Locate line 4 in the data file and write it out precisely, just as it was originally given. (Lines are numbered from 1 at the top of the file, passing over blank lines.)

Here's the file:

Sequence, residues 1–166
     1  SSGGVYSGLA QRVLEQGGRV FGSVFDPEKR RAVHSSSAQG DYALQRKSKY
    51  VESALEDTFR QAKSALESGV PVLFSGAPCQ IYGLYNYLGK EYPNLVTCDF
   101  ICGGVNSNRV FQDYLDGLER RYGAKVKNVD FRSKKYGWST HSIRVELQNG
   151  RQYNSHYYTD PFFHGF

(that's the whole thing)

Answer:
   101  ICGGVNSNRV FQDYLDGLER RYGAKVKNVD FRSKKYGWST HSIRVELQNG